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LETTERS TO THE TIMES

Band of Brothers Should Hold Together

August 18, 2004

Sen. John Kerry's opponents claim he did not deserve his medals ("Veterans Battle Over the Truth," Aug. 17). This calls into question every medal awarded to every veteran. If Kerry were able to manipulate the process and his superiors to receive these medals, then it follows that any soldier could have done so. His opponents have done a great disservice to all veterans.

Their hatred of Kerry for protesting the war is the reason for this attack. Realizing that this would not resonate with the electorate, they have manufactured a new "scandal" with the hope of helping President Bush defeat him. In the process they have brought dishonor to themselves and their fellow veterans.

Michael Stark

Santa Monica

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The article describes John O'Neill, author of "Unfit for Command," as a "longtime Kerry foe." This does not adequately identify their connection. When Kerry came home from Vietnam, where his heroic bravery earned him the right to speak out against the policies of war, his eloquence and passion terrified President Nixon, whose administration was rooted in webs of deception that would ultimately bring it down.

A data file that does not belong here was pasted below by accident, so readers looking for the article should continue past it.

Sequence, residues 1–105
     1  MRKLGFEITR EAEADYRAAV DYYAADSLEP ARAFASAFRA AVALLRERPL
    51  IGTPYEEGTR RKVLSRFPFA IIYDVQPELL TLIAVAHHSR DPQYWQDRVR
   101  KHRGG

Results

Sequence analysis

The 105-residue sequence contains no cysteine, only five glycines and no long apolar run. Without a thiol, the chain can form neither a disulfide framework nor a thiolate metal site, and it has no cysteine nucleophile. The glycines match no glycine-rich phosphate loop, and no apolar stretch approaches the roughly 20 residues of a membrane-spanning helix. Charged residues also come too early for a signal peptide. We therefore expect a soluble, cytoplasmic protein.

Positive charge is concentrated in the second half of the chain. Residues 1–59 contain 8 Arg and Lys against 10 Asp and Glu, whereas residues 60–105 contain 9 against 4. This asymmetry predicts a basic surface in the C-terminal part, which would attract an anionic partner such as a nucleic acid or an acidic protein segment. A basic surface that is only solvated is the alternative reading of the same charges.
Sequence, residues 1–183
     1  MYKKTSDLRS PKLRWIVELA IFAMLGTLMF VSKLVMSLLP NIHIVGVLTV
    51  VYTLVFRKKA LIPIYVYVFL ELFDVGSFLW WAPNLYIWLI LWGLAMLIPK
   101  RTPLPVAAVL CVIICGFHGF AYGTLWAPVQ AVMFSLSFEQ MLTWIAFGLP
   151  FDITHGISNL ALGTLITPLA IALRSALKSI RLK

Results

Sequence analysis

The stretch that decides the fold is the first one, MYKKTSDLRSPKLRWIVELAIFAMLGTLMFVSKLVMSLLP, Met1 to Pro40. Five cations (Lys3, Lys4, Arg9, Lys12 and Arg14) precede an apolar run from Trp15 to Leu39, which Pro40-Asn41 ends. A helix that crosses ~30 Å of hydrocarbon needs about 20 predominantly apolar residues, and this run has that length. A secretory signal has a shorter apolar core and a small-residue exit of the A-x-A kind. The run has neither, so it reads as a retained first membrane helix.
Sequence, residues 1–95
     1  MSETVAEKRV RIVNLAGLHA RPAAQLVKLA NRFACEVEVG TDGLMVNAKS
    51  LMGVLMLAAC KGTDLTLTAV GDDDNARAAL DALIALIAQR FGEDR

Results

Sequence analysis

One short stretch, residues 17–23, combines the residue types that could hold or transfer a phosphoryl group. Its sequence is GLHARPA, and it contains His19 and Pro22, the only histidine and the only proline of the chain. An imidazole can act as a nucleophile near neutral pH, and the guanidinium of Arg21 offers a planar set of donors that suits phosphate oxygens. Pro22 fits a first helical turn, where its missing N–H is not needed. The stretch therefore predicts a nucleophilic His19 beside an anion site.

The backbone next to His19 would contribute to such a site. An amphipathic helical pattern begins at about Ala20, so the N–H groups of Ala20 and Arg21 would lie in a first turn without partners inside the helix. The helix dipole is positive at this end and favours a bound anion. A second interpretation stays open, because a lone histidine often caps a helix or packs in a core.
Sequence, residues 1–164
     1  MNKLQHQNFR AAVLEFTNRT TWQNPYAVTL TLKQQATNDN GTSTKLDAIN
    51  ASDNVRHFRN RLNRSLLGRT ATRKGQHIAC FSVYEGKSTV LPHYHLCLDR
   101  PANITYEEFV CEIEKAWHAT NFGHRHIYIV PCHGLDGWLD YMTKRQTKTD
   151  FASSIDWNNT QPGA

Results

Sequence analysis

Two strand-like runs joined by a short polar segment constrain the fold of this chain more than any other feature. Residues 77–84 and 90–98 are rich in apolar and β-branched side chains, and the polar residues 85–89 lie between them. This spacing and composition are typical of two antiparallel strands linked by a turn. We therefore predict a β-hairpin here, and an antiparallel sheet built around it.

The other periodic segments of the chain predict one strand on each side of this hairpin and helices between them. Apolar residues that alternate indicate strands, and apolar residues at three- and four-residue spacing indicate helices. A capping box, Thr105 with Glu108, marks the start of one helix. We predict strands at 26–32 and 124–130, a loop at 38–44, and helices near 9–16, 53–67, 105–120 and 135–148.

These masters of deceit sought and found an equally young, equally eloquent recent veteran to try to discredit Kerry. O'Neill has always been nothing more than a cheap puppet for manipulative liars trying to smear the character of one of our true heroes.

Douglas Dunn

Escondido

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I served as a 19-year-old medic with the 101st Airborne Division in Phu Bai, Vietnam, in 1970 and 1971. Once home, I came to have grave doubts about the war, but I never doubted my fellow veterans. When we returned, being a veteran was not something one could share with most other Americans. But the veterans with whom I shared that experience were always generous and mutually supportive of each other.

I now feel almost disgusted to call myself a veteran. That fellow veterans are willing to make a vicious attack on one of their own is truly despicable. Such attacks, like those against Sen. John McCain, a former prisoner of war, and former Sen. Max Cleland, who lost three limbs in his service to his country, bring us back to the time after the war when being a veteran was a mark of slander, not an honor. Kerry's service is a matter of public record. So is the service, or lack thereof, of Bush, Vice President Cheney and the other candidates who benefit from such slanderous attacks.

I renounce my fellow veterans who are willing to be exploited into such attacks against their own, and renounce my association as any kind of fellow veteran of theirs.

Michael Patrick Hughes

Los Angeles

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